In case you haven't noticed, warm weather is nearly upon us here in the great city of New York. Hemlines will shrink, outdoor brunch will pop, and the dog walkers will walk with a bit more swagger. Just hang tight until next week! We all know that summer in the city is a great time to work on your tan at the Rockaways or finally dominate that rival kickball team, but do you know what summer in the city is also great for? Elbowing past everybody else who shares your same totally amazing summer plans.
So alongside our friends at Poland Spring, we're here to tell you that to enjoy summer like a real New Yorker, you might want to try a little something called leaving. Because if you really want to breathe some fresh air and take a break from it all, the frisbee-and-picnic-dominated public parks might not be your best bet. After all, New Yorkers love to opine about leaving—it's practically a local right.
When was the last time you gazed upon water so calm and bright, you could mistake your view for the sky? No, we're not being cheeky, and the Prospect Park Lake or the post-thunderstorm puddles on your block don't count. If you can't quite remember, or the answer is "never," then the solution is one road trip away in the great "Vacationland" of Maine.
This could be your new best friend. (istockphoto)
Crowned as the largest lake in all of Maine, Moosehead Lake sprawls across 120 square miles of rugged forest, not far from the Canadian border, as the crow flies. It's a land that promises an "uninterrupted" type of nature, according to Henry David Thoreau, who journeyed through the Maine wilderness in the mid 1800s, chronicling his adventures in "The Maine Woods," a book which celebrates—and calls for the preservation of—Maine's natural beauties. And, fun fact, moose outnumber people three-to-one in the region, so if you're feeling a little crowded on the city streets, maybe a stare-down with a majestic mammal (as opposed to a stare-down with that guy in the bagel line) is more to your liking.
With over four hundred miles of winding shoreline and rarely a house in sight, visitors to Moosehead Lake might feel like they've stumbled upon a previously undiscovered landscape. It's a paradise where Mother Nature flourishes far from the cries of city life, and birds of prey like bald eagles and peregrine falcons dance in the sky above. And while you may feel like your footprints are the first of humankind—think again. According to historians, people have been drawn to the Moosehead Lake region for thousands of years—including the mysteriously named "Red Paint People" who earned their name by sending loved ones into the afterlife, their bodies blanketed with a red ochre cover.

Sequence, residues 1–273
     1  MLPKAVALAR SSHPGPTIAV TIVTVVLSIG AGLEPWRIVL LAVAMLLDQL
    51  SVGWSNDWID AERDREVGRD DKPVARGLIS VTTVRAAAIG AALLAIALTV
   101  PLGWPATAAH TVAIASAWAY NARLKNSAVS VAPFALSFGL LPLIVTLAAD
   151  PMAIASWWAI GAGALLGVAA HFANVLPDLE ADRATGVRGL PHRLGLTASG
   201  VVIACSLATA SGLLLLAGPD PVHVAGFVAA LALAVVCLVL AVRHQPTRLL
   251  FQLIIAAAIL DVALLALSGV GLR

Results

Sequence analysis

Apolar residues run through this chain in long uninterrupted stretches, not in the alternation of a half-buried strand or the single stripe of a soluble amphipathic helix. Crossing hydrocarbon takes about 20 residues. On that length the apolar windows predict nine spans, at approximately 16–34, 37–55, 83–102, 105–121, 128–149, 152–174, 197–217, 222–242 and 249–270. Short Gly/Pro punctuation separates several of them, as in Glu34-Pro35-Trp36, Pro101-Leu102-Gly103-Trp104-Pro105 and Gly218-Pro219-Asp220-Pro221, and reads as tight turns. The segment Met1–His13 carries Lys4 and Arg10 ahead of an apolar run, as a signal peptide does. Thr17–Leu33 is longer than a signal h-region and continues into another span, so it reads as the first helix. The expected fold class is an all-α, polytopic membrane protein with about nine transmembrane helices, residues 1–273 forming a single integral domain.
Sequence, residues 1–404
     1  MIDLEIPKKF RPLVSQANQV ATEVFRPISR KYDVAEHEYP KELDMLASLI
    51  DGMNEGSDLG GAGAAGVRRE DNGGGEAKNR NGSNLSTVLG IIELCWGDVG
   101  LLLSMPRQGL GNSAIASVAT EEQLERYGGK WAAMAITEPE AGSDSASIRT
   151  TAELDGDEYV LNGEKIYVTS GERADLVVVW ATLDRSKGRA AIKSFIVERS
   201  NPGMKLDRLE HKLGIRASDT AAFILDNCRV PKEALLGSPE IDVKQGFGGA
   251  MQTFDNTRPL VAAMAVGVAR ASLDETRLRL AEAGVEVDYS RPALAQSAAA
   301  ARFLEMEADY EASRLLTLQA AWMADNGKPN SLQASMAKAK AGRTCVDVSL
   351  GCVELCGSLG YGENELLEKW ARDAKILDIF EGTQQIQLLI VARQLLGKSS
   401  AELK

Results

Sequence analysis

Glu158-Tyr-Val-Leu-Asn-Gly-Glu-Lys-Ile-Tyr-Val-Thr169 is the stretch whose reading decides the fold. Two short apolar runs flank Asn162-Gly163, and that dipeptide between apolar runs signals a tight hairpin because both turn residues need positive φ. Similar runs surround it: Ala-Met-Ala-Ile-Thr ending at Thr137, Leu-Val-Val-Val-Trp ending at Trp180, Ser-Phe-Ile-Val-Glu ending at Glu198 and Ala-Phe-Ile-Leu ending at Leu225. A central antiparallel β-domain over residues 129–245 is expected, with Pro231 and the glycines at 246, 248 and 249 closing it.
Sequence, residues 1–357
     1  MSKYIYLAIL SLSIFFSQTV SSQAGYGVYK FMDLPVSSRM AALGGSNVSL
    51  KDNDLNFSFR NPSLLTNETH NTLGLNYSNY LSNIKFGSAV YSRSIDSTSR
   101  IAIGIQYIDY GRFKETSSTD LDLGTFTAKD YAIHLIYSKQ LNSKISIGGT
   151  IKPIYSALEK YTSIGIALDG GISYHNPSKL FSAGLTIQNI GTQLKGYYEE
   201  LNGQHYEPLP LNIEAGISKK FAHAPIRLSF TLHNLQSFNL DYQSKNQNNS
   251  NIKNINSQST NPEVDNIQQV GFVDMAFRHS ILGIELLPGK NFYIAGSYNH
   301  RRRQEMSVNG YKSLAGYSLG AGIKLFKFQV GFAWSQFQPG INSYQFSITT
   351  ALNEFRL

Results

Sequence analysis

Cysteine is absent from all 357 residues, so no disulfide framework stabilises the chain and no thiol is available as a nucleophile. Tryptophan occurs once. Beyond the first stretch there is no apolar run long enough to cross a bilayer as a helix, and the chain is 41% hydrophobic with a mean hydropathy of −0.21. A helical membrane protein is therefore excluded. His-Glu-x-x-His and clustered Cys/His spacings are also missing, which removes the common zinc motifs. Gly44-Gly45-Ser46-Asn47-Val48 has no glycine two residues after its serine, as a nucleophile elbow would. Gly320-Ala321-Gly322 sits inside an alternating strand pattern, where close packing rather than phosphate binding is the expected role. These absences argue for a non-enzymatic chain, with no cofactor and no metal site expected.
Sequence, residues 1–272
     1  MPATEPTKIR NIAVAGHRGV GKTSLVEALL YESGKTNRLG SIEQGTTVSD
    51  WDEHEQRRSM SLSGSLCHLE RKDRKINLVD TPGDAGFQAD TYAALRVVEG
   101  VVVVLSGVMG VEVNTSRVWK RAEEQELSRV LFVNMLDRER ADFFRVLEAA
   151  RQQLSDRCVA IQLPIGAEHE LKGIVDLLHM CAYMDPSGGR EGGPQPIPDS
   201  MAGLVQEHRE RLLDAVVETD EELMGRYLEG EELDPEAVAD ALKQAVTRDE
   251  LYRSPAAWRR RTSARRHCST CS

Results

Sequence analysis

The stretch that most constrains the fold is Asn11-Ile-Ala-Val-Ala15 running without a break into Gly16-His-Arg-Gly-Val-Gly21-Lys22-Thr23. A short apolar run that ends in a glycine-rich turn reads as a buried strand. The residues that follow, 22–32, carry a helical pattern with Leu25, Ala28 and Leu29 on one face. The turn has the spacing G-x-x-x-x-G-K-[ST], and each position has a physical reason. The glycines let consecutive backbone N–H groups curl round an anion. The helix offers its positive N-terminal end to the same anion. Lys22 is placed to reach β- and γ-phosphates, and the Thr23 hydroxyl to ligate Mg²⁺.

Today, visitors are invited to get their kicks the old fashioned way: the area is home to an array of hiking trails like the arduous path up Little Spencer Mountain or the slopes of Mount Kineo—a loaf-like behemoth that juts up from the lake's center, accessible only by boat! Or if you're more at ease passing the day with a lure in hand, Moosehead Lake is a fisherman's paradise. Whether you're a seasoned brook trout whisperer or just beginning to learn the art of the line, you'll be in good company up north—gear up at Wilson's, a local haunt that's been serving adventure-seekers since 1865.
Little Spencer Mountain (istockphoto)
As upstate neighbors, Poland Spring® Brand 100% Natural Spring Water knows a thing or two about the way life should be. Sourced from carefully selected springs in the great state of Maine, Poland Spring brand delivers the fresh taste that those in the Northeast have come to love and cherish. So if you're ready to go on the road trip of a lifetime and take on all that wilderness, remember to give your body what it needs to stay hydrated.
Thirsty yet? Why not bring a little bit of Maine home with you with Poland Spring Natural Spring Water. To learn more about their commitment to sustainably sourced water and their Maine heritage, visit the Poland Spring website today.
This post is a sponsored collaboration between Poland Spring and Gothamist staff.